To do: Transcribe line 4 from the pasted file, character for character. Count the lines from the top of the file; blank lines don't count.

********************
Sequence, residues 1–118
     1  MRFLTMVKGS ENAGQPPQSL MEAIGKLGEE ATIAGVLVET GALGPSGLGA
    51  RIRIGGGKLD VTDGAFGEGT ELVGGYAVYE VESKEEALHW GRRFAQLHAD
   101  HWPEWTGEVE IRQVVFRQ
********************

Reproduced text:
   101  HWPEWTGEVE IRQVVFRQ